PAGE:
Sunday, 21 July 2019

just right

A couple of salmon of the right size made a great morning for this family from high country .  The first two hooked were too big , then the next too small , and then just right .  

Saturday, 20 July 2019


 I've been doing a few trips recently in groups led by other guide friends . 

Wednesday, 10 July 2019

among the islands

Carter really understood the hunt .  I picked him up from the Super Island dock and headed to the first choice spot .  After half an hour of no bites and not much for clues , we picked up lines and moved a little way .  Ah , stuff on the sounder .  Herring , and dogfish , maybe salmon.  Trolling , trolling . Potential looks good , and then,  thump, thump, yes , there's the bite .  We stayed and searched around the little islands and had pretty darn good action. As usual we took measurements and tissue samples . All alone .

Monday, 1 July 2019

Happy Canada Day

 Happy Canada Day !  Some of you might recognize this spot from fishing the Campbell River waterfront .   

Sunday, 30 June 2019

Fishing got even better ! It's a long story.

Fishing got even better .  But it is a long story that I have procrastinated writing about .  Here I'll try to keep it fairly short .  

 Fishing has been terrific this year  !   There appears to be an abundance of chinooks around .
  It is ironic that this season is especially good for chinooks , while at the same time there are more new restrictions on them .  There will be no retention of chinooks until July 15 .  After July 15 it will be the same as last year , and more to keep after Aug 30. 

  The reason is that the regulations are meant to protect some weak stocks ,  but boy , other stocks must be doing very well at the same time .   Some chinook types rear for a whole year in fresh water , living like little trout , before going to sea . The ones that come from the dry country of the upper interior of BC are having a hard time with low and warm water in summer , and forest fires, and pine beetles killing forests , etc. . Then the First Nations in those areas have first priority to harvest some of the returning adults .  

 The stocks of concern migrate early in spring/summer , so this year we are restricted to catch and release fishing in this area until July 15 .  Actually they hardly come this way on the inside route , and, in previous years , sport anglers caught less than 1 % of those fish .  The stocks at most risk migrate primarily off-shore .  It appears ironic that the more rare a fish is , the less likely we are to catch one , the more likely we are to have fishing restrictions.  As Chair of the Campbell River and District Fishing Guides Association , I have been following this pretty closely and we made our submissions.  Sport Fishing Institute ( SFI ) and the Sport Fishing Advisory Board ( SFAB ) presented the facts thoroughly, with disappointing results .  Sport fishing is not the problem , and this strategy isn't the best answer , but  here we are , and there is a lot to enjoy still .

The news to the public has been very poor and misleading , with a negative general message that there is some kind of issue with salmon .  Many people would be very surprised to hear that experienced anglers and guides  are describing chinook fishing this year as one of the best in decades .  Yes , really .

Spring / early summer, until July 15 .  We are fishing catch and release for chinooks until July 15 .  You can keep a coho if it is hatchery marked , and a lingcod is a delicious bonus for the table.  Fewer people are fishing in this period but those who are are enjoying this fishing very much .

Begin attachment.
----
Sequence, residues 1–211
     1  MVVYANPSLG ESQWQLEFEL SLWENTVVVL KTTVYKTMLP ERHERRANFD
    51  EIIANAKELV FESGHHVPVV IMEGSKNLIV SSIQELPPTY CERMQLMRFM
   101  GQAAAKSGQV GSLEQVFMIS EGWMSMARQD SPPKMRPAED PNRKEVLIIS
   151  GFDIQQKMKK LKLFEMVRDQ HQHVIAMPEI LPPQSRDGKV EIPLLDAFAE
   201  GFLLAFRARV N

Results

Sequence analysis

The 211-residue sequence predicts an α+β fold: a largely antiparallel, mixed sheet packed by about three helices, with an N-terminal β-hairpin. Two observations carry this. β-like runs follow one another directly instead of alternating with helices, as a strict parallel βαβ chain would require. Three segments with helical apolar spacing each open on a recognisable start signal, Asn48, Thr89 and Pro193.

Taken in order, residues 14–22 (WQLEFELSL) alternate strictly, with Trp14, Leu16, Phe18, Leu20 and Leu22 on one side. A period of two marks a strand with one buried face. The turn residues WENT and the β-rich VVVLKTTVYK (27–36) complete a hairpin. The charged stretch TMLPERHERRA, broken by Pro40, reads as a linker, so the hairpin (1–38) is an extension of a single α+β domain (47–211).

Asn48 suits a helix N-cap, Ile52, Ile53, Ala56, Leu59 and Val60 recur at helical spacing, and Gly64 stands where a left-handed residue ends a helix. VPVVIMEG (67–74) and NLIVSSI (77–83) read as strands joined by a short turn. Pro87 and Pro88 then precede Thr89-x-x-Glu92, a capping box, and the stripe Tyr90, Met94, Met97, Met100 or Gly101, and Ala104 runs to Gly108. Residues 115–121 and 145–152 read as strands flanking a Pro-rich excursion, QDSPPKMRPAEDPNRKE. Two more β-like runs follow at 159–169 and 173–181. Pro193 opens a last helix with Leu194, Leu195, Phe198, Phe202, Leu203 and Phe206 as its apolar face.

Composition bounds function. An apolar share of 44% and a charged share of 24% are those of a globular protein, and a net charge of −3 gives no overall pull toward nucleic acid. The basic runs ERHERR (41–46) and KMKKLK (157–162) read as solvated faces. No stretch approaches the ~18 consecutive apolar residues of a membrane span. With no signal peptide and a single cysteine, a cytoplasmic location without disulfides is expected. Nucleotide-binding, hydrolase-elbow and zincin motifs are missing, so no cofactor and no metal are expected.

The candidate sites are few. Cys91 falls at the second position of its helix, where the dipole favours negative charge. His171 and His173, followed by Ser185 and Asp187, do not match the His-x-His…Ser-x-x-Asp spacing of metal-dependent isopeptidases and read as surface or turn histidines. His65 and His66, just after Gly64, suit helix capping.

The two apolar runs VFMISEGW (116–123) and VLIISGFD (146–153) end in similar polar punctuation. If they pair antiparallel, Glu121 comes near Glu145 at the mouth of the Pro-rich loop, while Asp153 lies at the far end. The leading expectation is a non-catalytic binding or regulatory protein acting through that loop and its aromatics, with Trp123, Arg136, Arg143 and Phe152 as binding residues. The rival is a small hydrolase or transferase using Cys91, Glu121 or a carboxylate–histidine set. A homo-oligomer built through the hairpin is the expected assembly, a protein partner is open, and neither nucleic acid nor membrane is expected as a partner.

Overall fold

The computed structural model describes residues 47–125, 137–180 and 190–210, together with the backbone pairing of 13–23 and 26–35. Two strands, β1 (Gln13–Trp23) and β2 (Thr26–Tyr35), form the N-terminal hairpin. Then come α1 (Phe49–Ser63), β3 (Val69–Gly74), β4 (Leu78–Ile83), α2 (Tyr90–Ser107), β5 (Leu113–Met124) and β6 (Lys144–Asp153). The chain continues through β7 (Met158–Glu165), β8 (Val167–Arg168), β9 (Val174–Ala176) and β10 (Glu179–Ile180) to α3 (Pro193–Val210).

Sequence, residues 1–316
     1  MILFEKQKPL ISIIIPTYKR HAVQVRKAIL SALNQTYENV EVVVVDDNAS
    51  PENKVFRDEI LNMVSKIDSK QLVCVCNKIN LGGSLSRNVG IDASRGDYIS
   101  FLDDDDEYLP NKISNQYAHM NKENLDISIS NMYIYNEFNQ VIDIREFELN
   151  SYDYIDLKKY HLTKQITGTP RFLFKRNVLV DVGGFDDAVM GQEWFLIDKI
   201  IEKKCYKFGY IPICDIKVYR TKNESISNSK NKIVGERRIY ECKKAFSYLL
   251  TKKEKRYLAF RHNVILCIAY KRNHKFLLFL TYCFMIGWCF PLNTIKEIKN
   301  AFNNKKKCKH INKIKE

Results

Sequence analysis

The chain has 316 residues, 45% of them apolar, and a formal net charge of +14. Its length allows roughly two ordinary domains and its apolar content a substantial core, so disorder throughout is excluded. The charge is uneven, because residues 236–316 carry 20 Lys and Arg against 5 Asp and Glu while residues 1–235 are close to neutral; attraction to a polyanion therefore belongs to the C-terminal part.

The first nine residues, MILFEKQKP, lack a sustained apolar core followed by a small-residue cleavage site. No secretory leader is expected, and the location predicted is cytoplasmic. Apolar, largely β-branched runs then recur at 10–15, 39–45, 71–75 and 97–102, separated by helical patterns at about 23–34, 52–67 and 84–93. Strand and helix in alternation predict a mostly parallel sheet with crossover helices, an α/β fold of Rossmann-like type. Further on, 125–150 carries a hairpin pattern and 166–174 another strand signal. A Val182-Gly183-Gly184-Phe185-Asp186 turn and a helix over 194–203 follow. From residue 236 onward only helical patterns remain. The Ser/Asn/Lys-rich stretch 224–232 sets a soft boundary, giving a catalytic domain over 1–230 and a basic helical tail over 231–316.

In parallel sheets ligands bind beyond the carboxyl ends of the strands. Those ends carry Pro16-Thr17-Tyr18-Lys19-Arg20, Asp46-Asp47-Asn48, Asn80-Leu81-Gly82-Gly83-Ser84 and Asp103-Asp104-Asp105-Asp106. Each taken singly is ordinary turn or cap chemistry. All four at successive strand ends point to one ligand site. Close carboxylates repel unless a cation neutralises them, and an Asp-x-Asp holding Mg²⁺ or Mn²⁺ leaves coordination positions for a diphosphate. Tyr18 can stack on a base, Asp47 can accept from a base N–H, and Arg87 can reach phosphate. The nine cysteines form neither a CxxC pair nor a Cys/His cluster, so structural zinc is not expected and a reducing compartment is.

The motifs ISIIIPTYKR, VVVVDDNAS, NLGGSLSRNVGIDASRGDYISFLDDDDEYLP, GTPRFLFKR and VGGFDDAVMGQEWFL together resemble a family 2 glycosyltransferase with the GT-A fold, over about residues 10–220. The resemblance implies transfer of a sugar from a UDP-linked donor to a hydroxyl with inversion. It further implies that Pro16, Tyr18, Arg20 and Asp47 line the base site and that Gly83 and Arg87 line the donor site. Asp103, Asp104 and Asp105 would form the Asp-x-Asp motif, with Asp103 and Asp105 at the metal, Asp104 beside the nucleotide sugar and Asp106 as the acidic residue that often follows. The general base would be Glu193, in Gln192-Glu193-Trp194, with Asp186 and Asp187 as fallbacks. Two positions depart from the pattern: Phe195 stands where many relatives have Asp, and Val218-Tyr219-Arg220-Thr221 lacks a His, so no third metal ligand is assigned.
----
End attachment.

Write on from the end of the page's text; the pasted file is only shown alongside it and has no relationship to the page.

July 15 to Aug 29 ,  , the regulations will be like last year ;  one chinook per person per day .  As usual , the possession limit is the equivalent of two days catch .

Aug 29 and after , 2 chinooks per person per day , 4 in possession .

Releasing a chinook is still a great thrill , and handling it carefully and seeing it swim away in good shape is a wonderful feeling .  In addition , we are taking tissue samples for DNA which will tell which river systems the fish are from .  We are supporting science by collecting necessary data .

Come on over for lovely salmon fishing .  It will be great fun for all , and fishing will be in a manner that is appreciative and respectful of the salmon stocks.   

Saturday, 29 June 2019

That is a day trip !

 This is a day trip !!  Fly from Vancouver for 5 hours fishing and catch the next flight back again ! 

 Nao was in Vancouver for business and fitted this in .  My part was filling in for Eiji , who had this all lined up .  ( AG Fish Enterprises ) . I met Nao at the taxi , picked up lunches from the floating Snack Shack , and off we went. 
  Fishing was terrific , as it has been this year . Nao caught and released several chinook salmon, and also caught a hatchery coho , which Masumi boxed for flight . 
 After a few hours of fishing , Nao asked if we ever see whales , and just that minute a couple of humpback whales appeared . 

Ahoy , Eiji 


Saturday, 22 June 2019

Just Kevin

 Kevin came out fishing , just himself , while his wife stayed back at the Bed and Breakfast . It was a beautiful morning for lots of action .  All hands are full fishing two lines,  and especially so with a couple of  double headers .  

Monday, 17 June 2019

family from Germany

 This family from Germany is exploring around western Canada and , of course , that has to include some salmon fishing .  The salmon certainly showed up to entertain everyone .  Lots of fishing action to share .  And other challenges for the kids ,too , like blowing lots of bubbles , and watching where you are going when you are steering . 

Wednesday, 12 June 2019

who's counting ?

 Maurice and Elizabeth graded this trip as great as any they've had .  And Maurice has been coming for , well , let's say, lots of decades . We did it all the comfy way , starting each of the two days at 8 am after breakfast at the hotel .  We came in for lunch at a floating restaurant ,  and then a short afternoon fish nearby . The weather was calm, and it got hot by mid-day. 

 We're taking tissue samples for DNA , and keeping those on a blotter paper card .  But Maurice remembers even better , he keeps track , and counts the one we lost the sample for .  All the salmon were released , and one lingcod went home for meals .  Catch and release is the order of the day ,  The count for the two days was 18 salmon sampled , just two of which were undersize ( less than 24 1/2  inches ) , one wild coho , and the lingcod.  None of the fish were weighed, but the largest was 37 1/2 inches ( 95 cm ) in length .